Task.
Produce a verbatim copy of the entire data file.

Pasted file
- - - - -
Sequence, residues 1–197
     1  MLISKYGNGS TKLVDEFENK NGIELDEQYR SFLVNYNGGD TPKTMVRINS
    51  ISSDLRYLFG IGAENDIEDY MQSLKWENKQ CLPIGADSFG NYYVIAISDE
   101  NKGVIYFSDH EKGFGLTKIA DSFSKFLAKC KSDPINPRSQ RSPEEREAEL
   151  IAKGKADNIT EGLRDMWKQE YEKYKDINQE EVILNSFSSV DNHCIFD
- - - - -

Sequence, residues 1–197
     1  MLISKYGNGS TKLVDEFENK NGIELDEQYR SFLVNYNGGD TPKTMVRINS
    51  ISSDLRYLFG IGAENDIEDY MQSLKWENKQ CLPIGADSFG NYYVIAISDE
   101  NKGVIYFSDH EKGFGLTKIA DSFSKFLAKC KSDPINPRSQ RSPEEREAEL
   151  IAKGKADNIT EGLRDMWKQE YEKYKDINQE EVILNSFSSV DNHCIFD